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Here is the code

using(var context=new AventureWorksDataContext())

           IEnumerable<Customer> _customerQuery = from c in context.Customers
                                                  where c.FirstName.StartsWith("A")
                                                  select c;

           var watch = new Stopwatch();

           var result = Parallel.ForEach(_customerQuery, c=>Console.WriteLine(c.FirstName));


           watch = new Stopwatch();
           foreach (var customer in _customerQuery)


The problem is, Parallel.ForEach takes about 400 MS vs a regular Foreach takes about 40MS. So What exactly am i doing wrong/ Why doesn't this work as I expect it.

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Basically because there's a setup cost involved, and you're not doing enough work inside the loop to justify the overhead. See e.g. this answer. (I expect this is a duplicate question.) –  Rup May 17 '11 at 19:35
The Console.WriteLine() makes it totally irrelevant. –  Henk Holterman May 17 '11 at 20:36
Try to remove the Console.WriteLine() and replace it with c.FirstName = c.FirstName.ToLowerInvariant(). You will not see a difference if your collection has around 5000 items; but if your collection has 6000, 7000,... 10.000 items, on a 4 cores processor, you will see a big difference (Parallel.Foreach will be faster) –  Junior M May 14 '12 at 11:43

4 Answers 4

up vote 75 down vote accepted

Suppose you have a task to perform. Let's say you're a math teacher and you have twenty papers to grade. It takes you two minutes to grade a paper, so it's going to take you about forty minutes.

Now let's suppose that you decide to hire some assistants to help you grade papers. It takes you an hour to locate four assistants. You each take four papers and you are all done in eight minutes. You've traded 40 minutes of work for 68 total minutes of work including the extra hour to find the assistants, so this isn't a savings. The overhead of finding the assistants is larger than the cost of doing the work yourself.

Now suppose you have twenty thousand papers to grade, so it is going to take you about 40000 minutes. Now if you spend an hour finding assistants, that's a win. You each take 4000 papers and are done in a total of 8060 minutes instead of 40000 minutes, a savings of almost a factor of 5. The overhead of finding the assistants is basically irrelevant.

Parallelization is not free. The cost of splitting up work amongst different threads needs to be tiny compared to the amount of work done per thread.

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Would you be able to point out some reading material that discusses how one would attempt to calculate the point at which it's feasible to take on the overhead to complete a task? –  Ryan Aug 17 '12 at 12:51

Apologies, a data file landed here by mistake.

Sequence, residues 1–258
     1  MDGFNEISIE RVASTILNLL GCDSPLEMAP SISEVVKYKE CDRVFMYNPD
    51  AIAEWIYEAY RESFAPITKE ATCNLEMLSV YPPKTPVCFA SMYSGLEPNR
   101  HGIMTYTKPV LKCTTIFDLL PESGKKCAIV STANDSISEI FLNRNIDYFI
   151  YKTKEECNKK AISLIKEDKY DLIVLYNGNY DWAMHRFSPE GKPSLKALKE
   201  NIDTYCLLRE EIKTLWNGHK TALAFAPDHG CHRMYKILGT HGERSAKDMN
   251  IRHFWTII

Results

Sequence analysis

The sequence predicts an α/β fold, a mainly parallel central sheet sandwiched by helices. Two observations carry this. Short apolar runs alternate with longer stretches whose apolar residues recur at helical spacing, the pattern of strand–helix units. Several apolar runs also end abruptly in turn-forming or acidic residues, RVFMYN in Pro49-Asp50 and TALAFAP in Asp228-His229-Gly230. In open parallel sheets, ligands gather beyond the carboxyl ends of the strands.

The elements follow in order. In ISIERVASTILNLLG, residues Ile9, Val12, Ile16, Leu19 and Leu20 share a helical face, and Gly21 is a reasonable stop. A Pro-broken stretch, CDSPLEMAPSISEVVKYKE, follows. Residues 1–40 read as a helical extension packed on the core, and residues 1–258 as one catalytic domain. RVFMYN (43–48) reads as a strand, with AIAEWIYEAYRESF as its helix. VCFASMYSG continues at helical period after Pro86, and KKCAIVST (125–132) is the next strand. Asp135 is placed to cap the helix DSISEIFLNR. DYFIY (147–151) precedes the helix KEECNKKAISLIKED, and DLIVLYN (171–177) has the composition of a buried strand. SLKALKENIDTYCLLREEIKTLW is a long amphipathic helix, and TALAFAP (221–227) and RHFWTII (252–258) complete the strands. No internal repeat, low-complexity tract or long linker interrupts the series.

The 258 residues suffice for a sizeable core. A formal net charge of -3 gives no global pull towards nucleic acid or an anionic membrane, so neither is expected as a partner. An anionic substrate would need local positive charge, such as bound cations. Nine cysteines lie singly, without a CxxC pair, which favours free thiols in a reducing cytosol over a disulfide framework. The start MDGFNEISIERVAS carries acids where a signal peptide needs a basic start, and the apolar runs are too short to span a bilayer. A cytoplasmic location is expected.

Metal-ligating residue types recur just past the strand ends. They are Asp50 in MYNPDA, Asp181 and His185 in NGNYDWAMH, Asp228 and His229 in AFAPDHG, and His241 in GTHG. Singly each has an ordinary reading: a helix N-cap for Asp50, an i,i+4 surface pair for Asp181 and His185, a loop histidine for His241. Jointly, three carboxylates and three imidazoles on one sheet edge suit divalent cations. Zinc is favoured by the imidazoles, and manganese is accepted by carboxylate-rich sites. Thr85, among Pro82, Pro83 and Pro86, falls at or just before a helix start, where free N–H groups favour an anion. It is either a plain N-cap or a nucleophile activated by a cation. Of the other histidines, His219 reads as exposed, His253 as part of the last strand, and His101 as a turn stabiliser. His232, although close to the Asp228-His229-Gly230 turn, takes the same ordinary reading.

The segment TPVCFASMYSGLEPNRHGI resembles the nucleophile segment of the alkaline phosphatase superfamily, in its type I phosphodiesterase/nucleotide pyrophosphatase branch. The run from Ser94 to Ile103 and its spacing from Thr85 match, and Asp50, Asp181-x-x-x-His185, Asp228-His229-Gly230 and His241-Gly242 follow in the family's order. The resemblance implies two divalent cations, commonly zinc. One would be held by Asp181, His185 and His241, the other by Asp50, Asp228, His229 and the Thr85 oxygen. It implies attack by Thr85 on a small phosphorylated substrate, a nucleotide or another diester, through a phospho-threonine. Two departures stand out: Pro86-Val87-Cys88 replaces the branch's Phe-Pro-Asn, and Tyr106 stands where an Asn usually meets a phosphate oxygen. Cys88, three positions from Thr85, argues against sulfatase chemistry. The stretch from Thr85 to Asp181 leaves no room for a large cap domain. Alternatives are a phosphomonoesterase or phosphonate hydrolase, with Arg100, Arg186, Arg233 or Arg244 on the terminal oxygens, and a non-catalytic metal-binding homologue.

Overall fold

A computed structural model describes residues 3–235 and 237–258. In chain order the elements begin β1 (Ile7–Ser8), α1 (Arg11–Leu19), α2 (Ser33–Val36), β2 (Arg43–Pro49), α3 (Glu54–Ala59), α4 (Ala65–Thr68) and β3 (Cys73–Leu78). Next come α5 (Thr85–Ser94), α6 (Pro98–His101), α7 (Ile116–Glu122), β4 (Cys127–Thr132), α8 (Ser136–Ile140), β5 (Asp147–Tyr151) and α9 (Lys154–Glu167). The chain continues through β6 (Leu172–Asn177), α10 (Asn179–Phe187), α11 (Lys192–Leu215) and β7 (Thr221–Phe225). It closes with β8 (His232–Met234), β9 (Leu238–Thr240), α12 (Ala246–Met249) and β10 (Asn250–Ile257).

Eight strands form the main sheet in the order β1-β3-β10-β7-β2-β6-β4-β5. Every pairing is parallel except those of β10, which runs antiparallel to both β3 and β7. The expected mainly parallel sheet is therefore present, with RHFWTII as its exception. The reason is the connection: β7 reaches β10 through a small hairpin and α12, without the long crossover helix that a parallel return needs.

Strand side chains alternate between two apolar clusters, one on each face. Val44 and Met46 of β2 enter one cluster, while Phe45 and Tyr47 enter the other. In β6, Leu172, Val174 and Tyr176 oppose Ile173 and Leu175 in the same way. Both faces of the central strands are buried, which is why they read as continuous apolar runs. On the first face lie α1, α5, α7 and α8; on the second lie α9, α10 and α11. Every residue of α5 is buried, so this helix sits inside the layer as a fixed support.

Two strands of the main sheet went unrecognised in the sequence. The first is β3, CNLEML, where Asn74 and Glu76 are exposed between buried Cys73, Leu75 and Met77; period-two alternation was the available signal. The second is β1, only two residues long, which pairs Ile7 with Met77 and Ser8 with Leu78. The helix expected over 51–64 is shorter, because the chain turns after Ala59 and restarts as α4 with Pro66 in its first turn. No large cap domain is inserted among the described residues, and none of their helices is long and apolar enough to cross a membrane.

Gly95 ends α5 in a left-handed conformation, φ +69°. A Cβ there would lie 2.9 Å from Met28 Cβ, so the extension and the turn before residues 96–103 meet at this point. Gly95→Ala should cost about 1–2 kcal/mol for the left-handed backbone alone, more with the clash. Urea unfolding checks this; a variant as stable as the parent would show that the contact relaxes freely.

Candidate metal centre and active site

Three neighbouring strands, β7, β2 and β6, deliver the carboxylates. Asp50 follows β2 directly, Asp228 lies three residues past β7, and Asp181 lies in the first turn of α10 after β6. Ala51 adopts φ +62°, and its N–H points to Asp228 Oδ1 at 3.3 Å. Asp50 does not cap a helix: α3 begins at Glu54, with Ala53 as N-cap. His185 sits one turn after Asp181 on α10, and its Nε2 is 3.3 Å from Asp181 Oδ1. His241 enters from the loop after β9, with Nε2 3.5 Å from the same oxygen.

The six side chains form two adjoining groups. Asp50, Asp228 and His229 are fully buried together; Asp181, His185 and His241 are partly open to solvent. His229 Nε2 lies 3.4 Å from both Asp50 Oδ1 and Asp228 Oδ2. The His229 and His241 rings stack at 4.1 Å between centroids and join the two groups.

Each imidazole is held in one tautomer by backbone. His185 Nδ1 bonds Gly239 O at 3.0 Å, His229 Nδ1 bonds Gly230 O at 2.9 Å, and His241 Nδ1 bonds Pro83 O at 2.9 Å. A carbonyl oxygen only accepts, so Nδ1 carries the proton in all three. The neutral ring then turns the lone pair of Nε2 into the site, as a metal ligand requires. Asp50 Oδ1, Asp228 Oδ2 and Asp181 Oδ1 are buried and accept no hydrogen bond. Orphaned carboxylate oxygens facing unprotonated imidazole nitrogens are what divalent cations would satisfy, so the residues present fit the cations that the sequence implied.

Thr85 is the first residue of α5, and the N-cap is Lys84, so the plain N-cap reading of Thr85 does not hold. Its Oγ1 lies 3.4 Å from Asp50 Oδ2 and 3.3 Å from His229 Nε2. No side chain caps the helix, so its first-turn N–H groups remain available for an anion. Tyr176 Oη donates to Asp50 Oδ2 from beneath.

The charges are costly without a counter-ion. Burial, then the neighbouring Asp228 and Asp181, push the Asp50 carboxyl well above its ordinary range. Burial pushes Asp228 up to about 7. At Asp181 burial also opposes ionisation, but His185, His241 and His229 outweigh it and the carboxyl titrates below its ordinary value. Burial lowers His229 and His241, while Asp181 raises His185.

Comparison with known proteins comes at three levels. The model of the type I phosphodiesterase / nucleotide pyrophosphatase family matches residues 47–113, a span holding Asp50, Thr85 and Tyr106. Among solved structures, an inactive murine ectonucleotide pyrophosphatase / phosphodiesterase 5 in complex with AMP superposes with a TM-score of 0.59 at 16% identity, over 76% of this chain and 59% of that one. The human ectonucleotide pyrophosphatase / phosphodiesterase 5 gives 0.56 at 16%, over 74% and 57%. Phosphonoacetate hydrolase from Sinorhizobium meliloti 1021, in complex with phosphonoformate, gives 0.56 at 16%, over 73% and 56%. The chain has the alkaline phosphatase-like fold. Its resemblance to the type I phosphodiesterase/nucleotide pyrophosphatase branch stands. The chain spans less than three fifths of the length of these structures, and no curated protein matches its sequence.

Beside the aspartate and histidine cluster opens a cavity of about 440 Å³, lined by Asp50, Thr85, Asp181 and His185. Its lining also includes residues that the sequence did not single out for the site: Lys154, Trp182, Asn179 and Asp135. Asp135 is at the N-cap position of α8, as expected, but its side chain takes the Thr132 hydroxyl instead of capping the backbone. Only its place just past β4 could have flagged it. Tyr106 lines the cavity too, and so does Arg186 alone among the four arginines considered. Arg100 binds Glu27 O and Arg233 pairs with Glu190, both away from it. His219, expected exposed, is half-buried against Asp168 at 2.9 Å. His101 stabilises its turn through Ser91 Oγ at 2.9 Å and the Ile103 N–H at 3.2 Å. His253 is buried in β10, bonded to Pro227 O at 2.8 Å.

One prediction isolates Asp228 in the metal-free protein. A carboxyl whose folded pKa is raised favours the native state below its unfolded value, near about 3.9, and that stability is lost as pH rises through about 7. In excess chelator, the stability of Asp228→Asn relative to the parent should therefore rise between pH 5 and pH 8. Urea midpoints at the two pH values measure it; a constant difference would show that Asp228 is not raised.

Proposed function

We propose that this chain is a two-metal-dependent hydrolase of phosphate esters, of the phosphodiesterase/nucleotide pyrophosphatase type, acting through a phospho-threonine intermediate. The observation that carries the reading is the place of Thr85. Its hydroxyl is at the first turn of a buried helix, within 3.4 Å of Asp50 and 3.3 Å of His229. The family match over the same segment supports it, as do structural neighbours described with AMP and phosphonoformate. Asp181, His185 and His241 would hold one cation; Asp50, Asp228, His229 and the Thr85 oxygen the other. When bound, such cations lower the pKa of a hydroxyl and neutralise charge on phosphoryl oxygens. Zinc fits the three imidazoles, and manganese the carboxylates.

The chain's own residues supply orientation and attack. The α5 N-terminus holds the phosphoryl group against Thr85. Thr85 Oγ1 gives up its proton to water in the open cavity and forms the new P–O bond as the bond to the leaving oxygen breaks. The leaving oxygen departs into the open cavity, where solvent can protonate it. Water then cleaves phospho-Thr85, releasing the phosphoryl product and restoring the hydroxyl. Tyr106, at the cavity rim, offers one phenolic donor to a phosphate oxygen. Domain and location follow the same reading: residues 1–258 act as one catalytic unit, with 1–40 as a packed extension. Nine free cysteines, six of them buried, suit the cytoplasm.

The first thing you should realize is that not all parallelism is beneficial. There is an amount of overhead to parallelism, and this overhead may or may not be significant depending on the complexity what is being parallelized. Since the work in your parallel function is very small, the overhead of the management the parallelism has to do becomes significant, thus slowing down the overall work.

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+1 - Just slightly faster than me! –  Tejs May 17 '11 at 19:38

The additional overhead of creating all the threads for your enumerable VS just executing the numerable is more than likely the cause for the slowdown. Parallel.ForEach is not a blanket performance increasing move; it needs to be weighed whether or not the operation that is to be completed for each element is likely to block.

For example, if you were to make a web request or something instead of simply writing to the console, the parallel version might be faster. As it is, simply writing to the console is a very fast operation, so the overhead of creating the threads and starting them is going to be slower.

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As previous writer has said there are some overhead associated with Parallel.ForEach, but that is not why you can't see your performance improvement. Console.WriteLine is a synchronous operation, so only one thread is working at a time. Try changing the body to something non-blocking and you will see the performance increase (as long as the amount of work in the body is big enough to outweight the overhead).

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